This system has 3 optional systems. The first option is that atmospheric air can be drawn in through a check valve if found to be required under normal activity. This would only be needed if the flow of air into the system was not sufficiently supplied by the vent stack or that the fumes coming out of the system were not desirable. Normally any vent air should have no odor or minimal odor associated with it due to the aerobic activity in the digester system. However, if this does become a problem the vent stack would be closed and the air would be drawn in through the check valve and leave through another valve and travel to the lagoon and be exited the system under water to filter out unwanted odor. This normally will not be a problem, but is included in the design for situations that may require this to be done.
The last optional system is one to provide the microbial community nutrients if they require it. Some material such as fat may require the addition of small amounts of limiting nutrient to provide for the effective degradation of the fat. If this becomes a problem, a tank, and pump will be added to supply liquid nutrients to the process system.
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|Citing Patent||Filing date||Publication date||Applicant||Title|
|US7387733||Dec 6, 2005||Jun 17, 2008||Baswood, Llc||System and method for processing organic waste material|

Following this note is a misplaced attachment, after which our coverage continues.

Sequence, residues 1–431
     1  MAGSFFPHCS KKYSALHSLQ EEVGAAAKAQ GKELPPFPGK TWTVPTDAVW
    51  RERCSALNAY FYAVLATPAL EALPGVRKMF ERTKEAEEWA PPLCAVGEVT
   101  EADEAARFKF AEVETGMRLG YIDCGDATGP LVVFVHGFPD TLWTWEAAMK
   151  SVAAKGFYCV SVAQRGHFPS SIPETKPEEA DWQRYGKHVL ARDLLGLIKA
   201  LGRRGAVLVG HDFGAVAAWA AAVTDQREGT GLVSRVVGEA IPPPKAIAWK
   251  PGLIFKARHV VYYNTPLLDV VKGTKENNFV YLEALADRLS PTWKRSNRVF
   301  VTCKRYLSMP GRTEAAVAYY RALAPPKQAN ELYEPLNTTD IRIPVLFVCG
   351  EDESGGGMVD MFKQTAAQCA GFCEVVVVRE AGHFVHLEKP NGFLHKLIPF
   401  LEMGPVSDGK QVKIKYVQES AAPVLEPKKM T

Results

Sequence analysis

|US8968557||May 24, 2012||Mar 3, 2015||Paul T. Baskis||Method and apparatus for converting coal to petroleum product|
|US9492854||Apr 4, 2012||Nov 15, 2016||Enviropure Systems, Llc||Food waste management system|
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|WO2011080766A2||Jan 4, 2011||Jul 7, 2011||Kirloskar Integrated Technologies Limited||Combined dry and wet dual phase anaerobic process for biogas production|
|WO2013140416A1||Mar 11, 2013||Sep 26, 2013||Council Of Scientific & Industrial Research||An improved anaerobic digestion system for household organic wastes|
|U.S. Classification||210/603, 210/252, 210/615, 435/262.5|
|International Classification||C02F3/28, C02F3/30|
|Cooperative Classification||C12M21/04, C12M23/58, C02F2209/44, C02F3/301, Y02E50/343|
|Nov 25, 2008||AS||Assignment|
Owner name: BASWOOD, INC., GEORGIA
Free format text: CHANGE OF NAME;ASSIGNOR:BASWOOD, LLC;REEL/FRAME:021876/0750
Effective date: 20080527
Owner name: BASWOOD, INC., GEORGIA
Free format text: ASSIGNMENT OF ASSIGNORS INTEREST;ASSIGNOR:BASKIS, PAUL T.;REEL/FRAME:021876/0823
Effective date: 20080228
|Jun 7, 2010||FPAY||Fee payment|
Year of fee payment: 4
|Jun 5, 2014||FPAY||Fee payment|
Year of fee payment: 8